The Microsoft Company Meeting was a few weeks ago. If you love the tech status quo inside or outside of Microsoft, seek shelter. How the company operates and how it engages with customers and the markets is about to change. All the signs were there in the Seattle Key Arena for anyone to notice. ...
  • Blog Post: Too much of a good thing? Enter Kanban

    Last month, I wrote about the value of good program managers (PMs). Some people liked the column (mostly PMs). Some people hated it (folks with bad PMs). However, the most common response was that Microsoft has too many PMs. Can you have too much of a good thing? Heck yeah! Why is having too many...
  • Blog Post: Software engineering—what’s missing?

    To start the new year, my boss gave an all-hands speech to a large group of developers about being an engineer. He equated being an engineer with taking responsibility for quality and using methods that ensure high quality at checkin ( Nailing the nominals ). Naturally, a developer in the crowd took...
  • Blog Post: Who’s in charge here?

    I was talking with a friend from another Microsoft division. He complained about gridlock on his team because “no one can make a decision.” He lamented, “We discuss issues and come to some conclusions, but rarely get a resolution that sticks.” I bit my tongue. He is a friend....
  • Blog Post: That's not funny

    Tension fills the conference room a few weeks before the Client release. The Client team wasn’t told that the Database team had added a parameter to the AddClient API. The Client broke spectacularly—the latest in a series of miscommunication and miscues by both teams. Only now were the Client...
  • Blog Post: Production is a mixed blessing

    There is one service design flaw that engineers repeat day after day, month after month, year after year. Scalability? Nope, though it’s popular. Security? Happens, but not that frequently. Serviceability? Getting warmer. Give up? Don’t care because you don’t work on services? You will...
  • Blog Post: You have to make a decision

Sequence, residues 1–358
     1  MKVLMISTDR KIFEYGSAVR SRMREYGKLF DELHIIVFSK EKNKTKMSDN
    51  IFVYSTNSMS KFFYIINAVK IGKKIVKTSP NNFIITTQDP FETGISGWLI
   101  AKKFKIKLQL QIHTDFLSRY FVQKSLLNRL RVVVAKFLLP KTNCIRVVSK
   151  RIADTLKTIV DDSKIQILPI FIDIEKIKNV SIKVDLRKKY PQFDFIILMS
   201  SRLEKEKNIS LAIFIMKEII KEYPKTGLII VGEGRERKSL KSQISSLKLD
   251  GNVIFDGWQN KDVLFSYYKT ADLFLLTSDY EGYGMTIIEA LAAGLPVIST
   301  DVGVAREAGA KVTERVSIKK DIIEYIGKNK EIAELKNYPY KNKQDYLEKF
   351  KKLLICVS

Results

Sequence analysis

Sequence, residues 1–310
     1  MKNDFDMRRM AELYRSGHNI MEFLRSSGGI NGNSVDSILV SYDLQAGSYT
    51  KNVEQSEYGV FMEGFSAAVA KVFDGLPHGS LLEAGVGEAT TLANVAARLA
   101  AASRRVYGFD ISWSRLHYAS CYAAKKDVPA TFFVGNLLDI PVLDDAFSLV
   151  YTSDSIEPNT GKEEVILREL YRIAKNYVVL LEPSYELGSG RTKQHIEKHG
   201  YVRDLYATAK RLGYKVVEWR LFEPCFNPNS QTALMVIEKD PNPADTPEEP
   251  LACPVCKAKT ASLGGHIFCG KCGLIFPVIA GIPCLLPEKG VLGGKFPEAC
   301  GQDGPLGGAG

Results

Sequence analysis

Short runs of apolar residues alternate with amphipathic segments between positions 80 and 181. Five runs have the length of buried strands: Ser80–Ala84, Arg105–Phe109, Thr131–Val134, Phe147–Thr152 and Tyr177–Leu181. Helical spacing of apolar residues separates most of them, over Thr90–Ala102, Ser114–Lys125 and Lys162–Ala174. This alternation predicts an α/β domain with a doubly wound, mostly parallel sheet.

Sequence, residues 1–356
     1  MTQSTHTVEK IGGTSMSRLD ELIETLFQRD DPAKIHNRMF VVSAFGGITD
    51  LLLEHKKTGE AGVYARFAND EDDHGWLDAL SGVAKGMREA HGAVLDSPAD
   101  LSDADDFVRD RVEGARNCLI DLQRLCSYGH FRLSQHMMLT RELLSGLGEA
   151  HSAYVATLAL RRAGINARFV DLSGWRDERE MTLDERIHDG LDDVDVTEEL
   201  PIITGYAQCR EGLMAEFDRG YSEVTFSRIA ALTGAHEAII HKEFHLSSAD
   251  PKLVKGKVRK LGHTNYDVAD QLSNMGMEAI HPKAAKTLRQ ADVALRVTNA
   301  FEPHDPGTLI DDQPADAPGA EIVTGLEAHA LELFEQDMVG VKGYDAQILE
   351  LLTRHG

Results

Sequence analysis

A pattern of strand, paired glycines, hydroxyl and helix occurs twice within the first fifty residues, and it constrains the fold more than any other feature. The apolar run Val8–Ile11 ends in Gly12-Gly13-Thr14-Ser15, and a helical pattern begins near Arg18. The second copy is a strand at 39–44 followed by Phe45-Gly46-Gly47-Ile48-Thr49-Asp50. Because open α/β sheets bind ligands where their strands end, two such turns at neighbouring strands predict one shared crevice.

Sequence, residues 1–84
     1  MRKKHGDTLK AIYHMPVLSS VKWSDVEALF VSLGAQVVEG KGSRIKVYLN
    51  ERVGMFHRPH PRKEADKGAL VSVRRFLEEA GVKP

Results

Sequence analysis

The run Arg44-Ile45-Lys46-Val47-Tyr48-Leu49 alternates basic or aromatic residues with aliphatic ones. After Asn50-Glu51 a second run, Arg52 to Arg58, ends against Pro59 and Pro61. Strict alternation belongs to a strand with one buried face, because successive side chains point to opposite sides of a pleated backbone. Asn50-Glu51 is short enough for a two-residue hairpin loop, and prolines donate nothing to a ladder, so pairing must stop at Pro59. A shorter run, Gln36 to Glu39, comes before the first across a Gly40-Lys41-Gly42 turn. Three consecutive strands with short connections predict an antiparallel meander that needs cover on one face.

What’s worse—a flawed decision or no decision? That’s easy. Decisions keep a business moving. An imperfect decision might move your business slightly in the wrong direction, but at least it will be moving. Make a few adjustments, and you’re back on track. Making no decision...
  • Blog Post: There's no place like production

    As much as I love Microsoft®, and as many advantages as we have as a company in the intelligence of our people, the breadth of our products, and the boldness of our vision, there are times when people here are frigging clueless. It’s not everyone—Microsoft is a wildly diverse company...
  • Blog Post: I messed up

    Ever make a bad mistake? One that makes you feel like there’s a hollow in your chest—you know you’ve messed up badly. Maybe you were even trying to do the right thing, but it just ended up wrong unintentionally. This happens to me regularly. It recently happened to a friend of mine—I...
  • Blog Post: Don't panic

    In my last column, " Spontaneous combustion of rancid management ," I talked about how managers should restrain themselves from randomizing their employees. But what if you are on the receiving end? As an employee, how do you best respond to a random request, or requests of any kind, that aren't directly...
  • Blog Post: The VP-geebees

    It's the end of the fiscal year. Most engineers associate this time with performance review season, but for principal-level engineers and higher it's also executive review season. Time to waste weeks of your life writing slides for executive presentations that will be rewritten five times before they...
  • Blog Post: It starts with shipping

    Call me "old school" but I believe in shipping. Trying isn't enough. Getting close isn't enough. Good ideas aren't enough. You've got to ship. It used to be that interviews started with, "What have you shipped?" If you hadn't shipped recently, "Why?" Why? Because you can't deliver customer value if...
  • Blog Post: Your World. Easier

    During difficult economic times like these, people tend to whine less about common complaints that now seem trite. Mostly, I'm relieved not to hear how much e-mail is in Ingrid's Inbox, how Brian broke the build again, and how Suresh's service schedule slipped successive sprints. However, it's during...